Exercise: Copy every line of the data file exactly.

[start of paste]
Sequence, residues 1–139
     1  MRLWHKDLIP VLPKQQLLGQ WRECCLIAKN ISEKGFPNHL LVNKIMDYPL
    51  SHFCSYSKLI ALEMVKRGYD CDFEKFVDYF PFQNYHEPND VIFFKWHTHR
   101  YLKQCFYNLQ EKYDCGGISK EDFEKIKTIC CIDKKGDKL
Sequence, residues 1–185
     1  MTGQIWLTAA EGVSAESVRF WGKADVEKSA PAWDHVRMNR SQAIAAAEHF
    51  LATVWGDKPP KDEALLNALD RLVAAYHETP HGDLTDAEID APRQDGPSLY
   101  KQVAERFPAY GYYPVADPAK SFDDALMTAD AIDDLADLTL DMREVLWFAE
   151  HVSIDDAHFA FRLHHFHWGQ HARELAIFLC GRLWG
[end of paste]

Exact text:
Sequence, residues 1–139
     1  MRLWHKDLIP VLPKQQLLGQ WRECCLIAKN ISEKGFPNHL LVNKIMDYPL
    51  SHFCSYSKLI ALEMVKRGYD CDFEKFVDYF PFQNYHEPND VIFFKWHTHR
   101  YLKQCFYNLQ EKYDCGGISK EDFEKIKTIC CIDKKGDKL
Sequence, residues 1–185
     1  MTGQIWLTAA EGVSAESVRF WGKADVEKSA PAWDHVRMNR SQAIAAAEHF
    51  LATVWGDKPP KDEALLNALD RLVAAYHETP HGDLTDAEID APRQDGPSLY
   101  KQVAERFPAY GYYPVADPAK SFDDALMTAD AIDDLADLTL DMREVLWFAE
   151  HVSIDDAHFA FRLHHFHWGQ HARELAIFLC GRLWG